LaPoint v. Barton

Annotate this Case

328 So. 2d 605 (1976)

Edward Earl LaPOINT v. James BARTON.

Civ. 687.

Court of Civil Appeals of Alabama.

March 10, 1976.

Barnett, Tingle & Noble, and Robert R. Sexton, and Mark B. Polson, Birmingham, for appellant.

*606 Huie, Fernambucq, Stewart & Smith, and Stanley A. Cash, Birmingham, for appellee.

HOLMES, Judge.

This is a workmen's compensation case. The Circuit Court of Jefferson County sitting without a jury found the issues in favor of the employer, James Barton. The employee, Edward Earl LaPoint, appeals from that judgment.

The issue which was before the learned trial judge and is now before this court is whether the employer regularly employed four or more employees, as is required by Tit. 26, § 262, Code of Ala. 1940, as amended. The trial court found the employer did not regularly employ four or more employees and therefore the employer did not come within the purview of the Workmen's Compensation Act.

The case comes to this court on the following stipulation of facts:

The employer owns and operates Barton Trucking Company, a sole proprietorship. In March of 1974, the employer entered into an agreement with Morgan Drive-Away, Inc., whereby he leased four tractor-trailer rigs to Morgan. The rigs were to be used as needed by Morgan Drive-Away, Inc. It was the policy of Morgan that the lessor of the rigs, the employer in this instance, was required to furnish drivers for the rigs. These drivers were required to execute affidavits indicating that they were employees of the lessor and not of Morgan. Appellee-employer furnished Morgan drivers for the rigs, one of whom was appellant LaPoint, and the necessary affidavits were executed.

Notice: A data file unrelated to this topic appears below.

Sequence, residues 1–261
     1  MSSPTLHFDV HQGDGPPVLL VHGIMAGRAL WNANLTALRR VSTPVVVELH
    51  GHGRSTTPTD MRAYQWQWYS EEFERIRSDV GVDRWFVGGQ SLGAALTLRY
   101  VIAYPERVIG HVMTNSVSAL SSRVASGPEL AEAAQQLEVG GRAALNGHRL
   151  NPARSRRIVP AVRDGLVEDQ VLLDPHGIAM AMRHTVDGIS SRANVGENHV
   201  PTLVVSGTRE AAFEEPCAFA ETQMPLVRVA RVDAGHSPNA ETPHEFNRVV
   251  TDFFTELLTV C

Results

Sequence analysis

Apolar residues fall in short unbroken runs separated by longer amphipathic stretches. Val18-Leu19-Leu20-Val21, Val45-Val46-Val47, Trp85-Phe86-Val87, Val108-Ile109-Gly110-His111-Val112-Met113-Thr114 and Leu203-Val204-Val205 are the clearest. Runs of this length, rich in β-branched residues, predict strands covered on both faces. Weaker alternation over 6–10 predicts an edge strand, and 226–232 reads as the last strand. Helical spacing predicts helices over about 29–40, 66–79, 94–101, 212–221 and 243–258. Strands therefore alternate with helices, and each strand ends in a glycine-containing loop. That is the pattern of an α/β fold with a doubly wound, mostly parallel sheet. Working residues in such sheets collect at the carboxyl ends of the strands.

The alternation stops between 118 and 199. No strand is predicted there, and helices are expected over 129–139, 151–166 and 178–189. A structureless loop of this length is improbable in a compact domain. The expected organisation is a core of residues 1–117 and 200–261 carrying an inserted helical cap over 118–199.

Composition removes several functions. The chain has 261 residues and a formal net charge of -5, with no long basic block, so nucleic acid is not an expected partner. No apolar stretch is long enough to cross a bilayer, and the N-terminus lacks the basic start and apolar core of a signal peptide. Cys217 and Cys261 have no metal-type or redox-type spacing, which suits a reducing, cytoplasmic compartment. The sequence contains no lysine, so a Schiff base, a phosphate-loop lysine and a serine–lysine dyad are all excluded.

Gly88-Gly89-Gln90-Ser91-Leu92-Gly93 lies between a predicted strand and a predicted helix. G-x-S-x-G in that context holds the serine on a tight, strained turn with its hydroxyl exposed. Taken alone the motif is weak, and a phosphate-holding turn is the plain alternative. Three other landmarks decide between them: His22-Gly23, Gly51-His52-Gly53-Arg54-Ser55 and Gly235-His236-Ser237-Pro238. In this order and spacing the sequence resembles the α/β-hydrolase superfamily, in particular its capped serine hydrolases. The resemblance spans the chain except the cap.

On April 23, 1974, appellant LaPoint was injured while driving one of the aforementioned rigs leased by the employer to Morgan. He later brought suit for the recovery of workmen's compensation benefits.

There was testimony that the employer employed four truck drivers at the time appellant was injured, and that he had employed four drivers on occasion since the inception of the above mentioned lease agreement. There was also testimony to the contrary. The employment affidavit of appellant, described earlier, was not introduced into evidence, although it is not contended that he was not an employee at the time of his injury. Of the three employment affidavits pertinent here which were so introduced, the last one to be executed was made approximately one week prior to appellant's injury.

The trial judge, after hearing the cause ore tenus, in his final order found as follows:

"The testimony indicates, in the judgment of the trial Judge, that on the date of the accident there were four drivers who were employed by this Defendant, but it also appeared from the testimony that at least one of them had been but recently employed and accordingly the testimony which we had before us was entirely consistent with the affidavit of James C. Mathews, the accountant and bookeeper [sic] of the Defendant. "There is testimony that would justify the conclusion that occasionally (as demonstrated by the facts at the time of the accident) the Defendant employed more than three persons, but the whole of the testimony would not support the conclusion that he regularly employed four or more; and this latter conclusion would have to be supportable by the evidence before it could be found that this Defendant was under and subject to the Workmen's Compensation Act of Alabama. In truth the testimony requires a contrary conclusion. "Accordingly, the Court herewith finds in behalf of the Defendant."

The employee prosecuted this appeal from the above judgment.

*607 Title 26, § 262, Code of Ala. 1940, as amended, (1973 Cumulative Supplement), provides as follows in pertinent part: